Curious & Creative Approaches to Ingredient Pairings: Part 1 - Eastern Asian Cuisine

Assortment of East Asian dishes and ingredients with a bowl of ramen with beef in the center of image on black table.

Learning to be a better home cook is not a linear process. True, there might be a moment that for you signifies the beginning — the first time you followed a recipe all the way through, perhaps. But the quest to gain knowledge and try new things in the kitchen has no real ending. The process and the pursuit of cooking is a lifelong journey.

Part of this process for most curious cooks is exploring flavors and ingredient pairings. In our own journeys as foodies, learning to layer and combine ingredients has provided ongoing breakthroughs. The best part is that each discovery leads to another, unlocking so much creativity along the way.

One cool way to start thinking outside of the box when it comes to pairings and ingredients is to look to other cultures and cuisines for direction and inspiration. For many who have grown up in Western cultures, it may be a learned habit to prioritize ingredient pairings that share flavor compounds. This means complementary pairings that put “like with like.” When done right, this method can amplify the flavors in lovely ways.

But too much of a good thing is indeed too much. Also, over time, sticking too closely to shared flavor compound ingredient pairings can limit palate development — if someone grows up eating mainly salty foods, their perceptions of other flavors may not be as well-calibrated as someone who grows up eating a range of flavors!

Other cultures’ cuisines don’t pair like with like as often. In Part 1 of this two-part blog post, we’ll look at how many East Asian cultures tend to avoid compound sharing ingredients. Instead, a wide range of other pairing strategies are used to create mind-bendingly delicious flavors. Ingredients like spices, sauces, fresh herbs, and roots, create multiple layers of flavor in East Asian dishes.

East Asian cuisine encompasses a diverse range of countries, including China, Korea and Japan. We can’t even begin to cover them all, but here are a few approaches to ingredient pairings from those cuisines. We encourage you to add these approaches to your own home cooking tool kit:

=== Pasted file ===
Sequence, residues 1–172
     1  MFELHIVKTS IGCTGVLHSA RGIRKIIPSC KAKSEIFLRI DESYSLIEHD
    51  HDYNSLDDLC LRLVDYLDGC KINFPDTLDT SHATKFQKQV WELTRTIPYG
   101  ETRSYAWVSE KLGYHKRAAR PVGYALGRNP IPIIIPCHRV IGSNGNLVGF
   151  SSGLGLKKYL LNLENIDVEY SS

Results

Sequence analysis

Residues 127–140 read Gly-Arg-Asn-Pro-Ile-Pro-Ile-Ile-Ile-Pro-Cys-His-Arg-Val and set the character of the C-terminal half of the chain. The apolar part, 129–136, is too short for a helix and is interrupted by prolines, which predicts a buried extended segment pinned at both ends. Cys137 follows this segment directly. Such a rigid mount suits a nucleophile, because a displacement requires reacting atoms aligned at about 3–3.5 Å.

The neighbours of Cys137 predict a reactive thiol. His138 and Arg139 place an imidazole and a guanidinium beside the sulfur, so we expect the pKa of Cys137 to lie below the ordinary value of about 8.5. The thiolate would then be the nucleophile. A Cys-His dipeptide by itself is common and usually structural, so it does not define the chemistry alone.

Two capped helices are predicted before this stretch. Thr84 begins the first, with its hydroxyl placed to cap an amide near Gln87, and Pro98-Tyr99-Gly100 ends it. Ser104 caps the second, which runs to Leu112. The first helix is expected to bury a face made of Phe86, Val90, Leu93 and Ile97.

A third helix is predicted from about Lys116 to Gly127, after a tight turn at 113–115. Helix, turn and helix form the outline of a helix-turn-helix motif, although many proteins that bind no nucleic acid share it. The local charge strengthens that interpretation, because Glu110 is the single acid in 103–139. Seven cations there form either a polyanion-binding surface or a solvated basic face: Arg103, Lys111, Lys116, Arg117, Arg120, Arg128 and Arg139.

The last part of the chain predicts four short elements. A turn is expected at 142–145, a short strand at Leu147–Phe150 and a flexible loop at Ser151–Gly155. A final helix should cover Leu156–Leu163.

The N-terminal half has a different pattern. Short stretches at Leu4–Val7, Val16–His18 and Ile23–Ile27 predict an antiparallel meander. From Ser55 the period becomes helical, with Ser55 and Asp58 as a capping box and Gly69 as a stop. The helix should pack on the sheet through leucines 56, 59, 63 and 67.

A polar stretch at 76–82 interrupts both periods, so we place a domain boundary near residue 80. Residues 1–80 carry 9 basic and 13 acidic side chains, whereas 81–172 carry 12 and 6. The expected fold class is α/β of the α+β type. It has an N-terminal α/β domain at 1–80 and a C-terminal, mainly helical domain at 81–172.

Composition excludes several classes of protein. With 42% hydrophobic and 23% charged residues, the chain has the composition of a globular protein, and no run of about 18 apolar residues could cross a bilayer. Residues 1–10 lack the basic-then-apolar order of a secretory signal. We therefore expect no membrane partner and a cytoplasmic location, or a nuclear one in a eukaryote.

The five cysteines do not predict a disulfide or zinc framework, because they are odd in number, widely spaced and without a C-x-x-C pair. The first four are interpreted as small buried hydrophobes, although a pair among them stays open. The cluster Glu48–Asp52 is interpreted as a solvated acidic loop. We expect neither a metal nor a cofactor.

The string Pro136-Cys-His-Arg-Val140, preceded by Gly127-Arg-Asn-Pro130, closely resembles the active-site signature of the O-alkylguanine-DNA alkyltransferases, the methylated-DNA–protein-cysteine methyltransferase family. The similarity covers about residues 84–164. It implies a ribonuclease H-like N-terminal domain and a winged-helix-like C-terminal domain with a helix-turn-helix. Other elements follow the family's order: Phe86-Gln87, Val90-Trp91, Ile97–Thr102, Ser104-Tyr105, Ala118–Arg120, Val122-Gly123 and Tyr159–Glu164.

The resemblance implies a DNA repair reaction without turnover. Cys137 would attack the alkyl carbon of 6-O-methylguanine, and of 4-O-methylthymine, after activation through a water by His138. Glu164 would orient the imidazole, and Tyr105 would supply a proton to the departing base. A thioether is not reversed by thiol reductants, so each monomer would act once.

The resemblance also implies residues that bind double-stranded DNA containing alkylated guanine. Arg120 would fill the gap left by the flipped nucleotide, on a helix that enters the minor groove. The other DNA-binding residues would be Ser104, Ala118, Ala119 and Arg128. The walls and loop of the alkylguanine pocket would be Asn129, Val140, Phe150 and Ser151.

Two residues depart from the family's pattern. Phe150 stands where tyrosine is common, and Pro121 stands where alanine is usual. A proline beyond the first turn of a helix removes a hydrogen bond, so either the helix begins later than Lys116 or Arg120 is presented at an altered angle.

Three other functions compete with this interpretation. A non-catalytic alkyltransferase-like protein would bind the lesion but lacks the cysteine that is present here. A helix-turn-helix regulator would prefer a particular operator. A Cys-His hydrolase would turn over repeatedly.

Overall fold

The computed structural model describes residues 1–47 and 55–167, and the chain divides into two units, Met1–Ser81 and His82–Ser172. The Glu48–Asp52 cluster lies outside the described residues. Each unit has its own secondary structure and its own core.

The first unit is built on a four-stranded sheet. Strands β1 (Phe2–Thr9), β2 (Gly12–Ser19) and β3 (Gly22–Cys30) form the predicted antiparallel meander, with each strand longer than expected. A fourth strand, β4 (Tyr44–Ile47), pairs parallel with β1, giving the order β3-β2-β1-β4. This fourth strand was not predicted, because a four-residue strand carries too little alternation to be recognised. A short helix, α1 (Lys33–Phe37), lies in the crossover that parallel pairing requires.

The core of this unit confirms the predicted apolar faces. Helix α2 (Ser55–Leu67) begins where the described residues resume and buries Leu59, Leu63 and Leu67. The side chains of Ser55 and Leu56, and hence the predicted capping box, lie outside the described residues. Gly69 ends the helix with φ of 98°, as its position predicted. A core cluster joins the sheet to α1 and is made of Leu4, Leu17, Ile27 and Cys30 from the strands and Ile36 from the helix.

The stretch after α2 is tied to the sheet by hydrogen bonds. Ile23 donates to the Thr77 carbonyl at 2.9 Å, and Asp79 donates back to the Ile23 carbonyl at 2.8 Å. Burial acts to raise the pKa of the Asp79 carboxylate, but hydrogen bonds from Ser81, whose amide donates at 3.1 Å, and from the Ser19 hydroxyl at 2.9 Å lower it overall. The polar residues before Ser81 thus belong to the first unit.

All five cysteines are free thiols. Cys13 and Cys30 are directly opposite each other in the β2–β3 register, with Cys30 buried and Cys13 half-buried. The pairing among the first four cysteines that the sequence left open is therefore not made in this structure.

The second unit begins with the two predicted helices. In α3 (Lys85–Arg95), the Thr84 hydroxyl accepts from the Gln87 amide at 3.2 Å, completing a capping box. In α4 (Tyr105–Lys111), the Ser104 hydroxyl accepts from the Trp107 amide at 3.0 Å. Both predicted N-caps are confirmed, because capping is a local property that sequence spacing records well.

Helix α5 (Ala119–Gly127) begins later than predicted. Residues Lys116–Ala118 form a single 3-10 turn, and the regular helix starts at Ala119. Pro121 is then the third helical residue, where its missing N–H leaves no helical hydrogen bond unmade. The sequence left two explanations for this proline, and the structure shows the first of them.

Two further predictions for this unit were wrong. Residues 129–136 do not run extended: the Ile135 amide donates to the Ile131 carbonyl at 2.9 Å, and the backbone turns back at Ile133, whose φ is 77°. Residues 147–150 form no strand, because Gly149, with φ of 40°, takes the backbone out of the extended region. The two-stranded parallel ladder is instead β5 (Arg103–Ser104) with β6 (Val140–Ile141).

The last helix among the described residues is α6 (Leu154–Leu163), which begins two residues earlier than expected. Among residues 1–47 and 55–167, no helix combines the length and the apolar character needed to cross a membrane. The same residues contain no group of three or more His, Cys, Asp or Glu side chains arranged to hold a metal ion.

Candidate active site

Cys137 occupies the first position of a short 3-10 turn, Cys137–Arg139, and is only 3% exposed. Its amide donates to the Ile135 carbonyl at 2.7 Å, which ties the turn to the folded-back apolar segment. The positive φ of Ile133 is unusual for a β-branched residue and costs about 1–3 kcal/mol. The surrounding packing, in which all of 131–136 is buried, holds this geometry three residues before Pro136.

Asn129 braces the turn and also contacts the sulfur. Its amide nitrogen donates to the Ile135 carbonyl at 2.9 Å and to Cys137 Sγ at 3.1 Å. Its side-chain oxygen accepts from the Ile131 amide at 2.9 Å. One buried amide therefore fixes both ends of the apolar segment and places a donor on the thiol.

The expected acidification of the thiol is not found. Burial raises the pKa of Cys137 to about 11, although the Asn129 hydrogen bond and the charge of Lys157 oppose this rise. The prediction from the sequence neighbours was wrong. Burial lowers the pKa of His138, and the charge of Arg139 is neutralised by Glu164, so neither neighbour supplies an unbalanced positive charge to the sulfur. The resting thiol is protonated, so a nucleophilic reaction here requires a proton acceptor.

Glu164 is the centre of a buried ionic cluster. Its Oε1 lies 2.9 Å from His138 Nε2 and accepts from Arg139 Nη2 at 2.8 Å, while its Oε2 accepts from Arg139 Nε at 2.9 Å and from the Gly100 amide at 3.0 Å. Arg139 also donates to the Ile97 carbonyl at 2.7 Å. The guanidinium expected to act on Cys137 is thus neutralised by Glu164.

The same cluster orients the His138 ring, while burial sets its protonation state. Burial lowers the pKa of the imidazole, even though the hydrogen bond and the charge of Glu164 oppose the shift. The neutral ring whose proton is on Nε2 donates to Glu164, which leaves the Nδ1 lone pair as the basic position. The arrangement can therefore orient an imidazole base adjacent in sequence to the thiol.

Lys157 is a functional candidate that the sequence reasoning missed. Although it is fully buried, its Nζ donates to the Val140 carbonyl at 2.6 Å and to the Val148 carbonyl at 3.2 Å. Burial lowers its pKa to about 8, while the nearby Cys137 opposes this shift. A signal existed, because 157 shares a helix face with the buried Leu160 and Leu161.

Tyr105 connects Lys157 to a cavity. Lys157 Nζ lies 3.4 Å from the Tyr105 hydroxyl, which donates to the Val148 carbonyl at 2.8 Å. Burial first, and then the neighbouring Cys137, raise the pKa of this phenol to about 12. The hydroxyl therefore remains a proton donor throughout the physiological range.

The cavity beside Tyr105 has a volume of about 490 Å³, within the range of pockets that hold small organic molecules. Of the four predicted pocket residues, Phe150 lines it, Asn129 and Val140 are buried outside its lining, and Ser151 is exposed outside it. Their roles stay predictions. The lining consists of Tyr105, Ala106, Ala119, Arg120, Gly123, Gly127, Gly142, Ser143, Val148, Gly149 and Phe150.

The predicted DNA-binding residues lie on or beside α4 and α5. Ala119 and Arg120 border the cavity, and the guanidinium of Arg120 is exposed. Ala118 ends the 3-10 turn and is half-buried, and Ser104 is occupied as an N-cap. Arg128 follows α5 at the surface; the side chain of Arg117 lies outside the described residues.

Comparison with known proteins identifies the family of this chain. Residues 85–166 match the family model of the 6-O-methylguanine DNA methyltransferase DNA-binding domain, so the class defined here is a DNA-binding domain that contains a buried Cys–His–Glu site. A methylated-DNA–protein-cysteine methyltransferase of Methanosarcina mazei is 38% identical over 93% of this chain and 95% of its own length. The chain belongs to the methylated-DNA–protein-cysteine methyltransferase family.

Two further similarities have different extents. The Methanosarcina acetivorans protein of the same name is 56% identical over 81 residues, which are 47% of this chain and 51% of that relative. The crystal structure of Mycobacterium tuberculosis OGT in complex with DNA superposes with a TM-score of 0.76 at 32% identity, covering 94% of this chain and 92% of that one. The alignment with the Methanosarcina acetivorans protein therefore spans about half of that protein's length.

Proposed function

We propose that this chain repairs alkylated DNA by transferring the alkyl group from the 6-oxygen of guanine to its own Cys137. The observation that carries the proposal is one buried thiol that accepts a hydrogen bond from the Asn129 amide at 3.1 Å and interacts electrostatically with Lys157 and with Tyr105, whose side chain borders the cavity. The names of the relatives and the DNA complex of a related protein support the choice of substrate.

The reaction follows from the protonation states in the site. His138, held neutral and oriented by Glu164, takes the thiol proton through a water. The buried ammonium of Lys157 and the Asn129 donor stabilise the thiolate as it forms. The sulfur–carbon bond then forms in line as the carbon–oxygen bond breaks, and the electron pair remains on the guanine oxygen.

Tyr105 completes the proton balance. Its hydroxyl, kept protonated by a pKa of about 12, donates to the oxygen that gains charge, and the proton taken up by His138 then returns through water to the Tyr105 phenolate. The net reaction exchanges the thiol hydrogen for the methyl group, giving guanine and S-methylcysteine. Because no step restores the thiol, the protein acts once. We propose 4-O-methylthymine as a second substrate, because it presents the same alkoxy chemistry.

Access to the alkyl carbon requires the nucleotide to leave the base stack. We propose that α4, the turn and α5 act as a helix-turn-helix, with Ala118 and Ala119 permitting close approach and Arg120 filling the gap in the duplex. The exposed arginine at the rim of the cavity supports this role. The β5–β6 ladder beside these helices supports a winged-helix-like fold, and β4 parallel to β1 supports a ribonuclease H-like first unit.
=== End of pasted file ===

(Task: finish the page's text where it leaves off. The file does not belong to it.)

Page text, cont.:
Sweet & Salty

This contrasting combo is at the root of a number of ingredient pairings in East Asian cuisines. In fact, sweetened soy sauce is the base of a number of condiments and sauces in Japanese, Chinese, and Korean cooking. Plum sauce, brown and white sugar, honey, red bean paste, ketchup, and fruit juice are also commonly used to add a mouthwatering component to savory and salty foods.

For at-home cooking, try: adding pineapple juice to a marinade for Asian-style pork chops; mixing in a teaspoon of brown sugar to soy sauce to season a tofu stir fry; add a drizzle of honey on fried chicken; maple syrup glaze on a baked ham; a swipe of jam on a cheese or charcuterie plate; thin slices of apple on a grilled cheese or panini.

Sweet & Sour

If you’ve ever ordered Chinese takeout, you know that this is a popular flavor pairing in East Asian cuisine. Rice wine vinegar, which comes in three varieties (white rice, black rice, and red rice vinegar) is a foundational component for marinades, sauces, and condiments, and it supplies potent acidity. Other sour ingredients, like yuzu, lemon, and lime, are also utilized.

Rock sweet-and-sour at home: candied citrus peels on yogurt; sweet-and-sour sauce on roasted veggies or used as a dumpling dipping sauce; expand your stash of vinegars to include rice wine vinegar, sherry vinegar and champagne vinegar to experiment with.

Spicy & Sour / Spicy & Sweet / Spicy & Umami

East Asian cuisines are all about bringing the heat, from tingly wasabi to slow-burn gochujang to mouth-numbing Szechuan peppercorns. But spiciness is only its best when it has something to play off of. Think: A sprinkle of togarashi pepper on a bowl of savory ramen; Korean kimchi that pairs the hot red pepper with the sour tang of fermented cabbage; cool, sweet cucumbers swimming in fiery Chinese chili oil.

There are really no limits to how you can layer spicy, sour, sweet, and umami flavors in your home cooking. Adding a few kinds of dried chili or spice blends to your pantry is a great start; as is investing in some different hot sauces and chili pastes.

Are you more than just a little food-obsessed? If so, check out more of our blog articles here, and dive into our collection of 150+ plant-fueled recipes, a treasure trove of great ideas for everyday cooking and special occasions. For even more ZENB goodness, follow along on our Instagram, Facebook, and Pinterest pages! 


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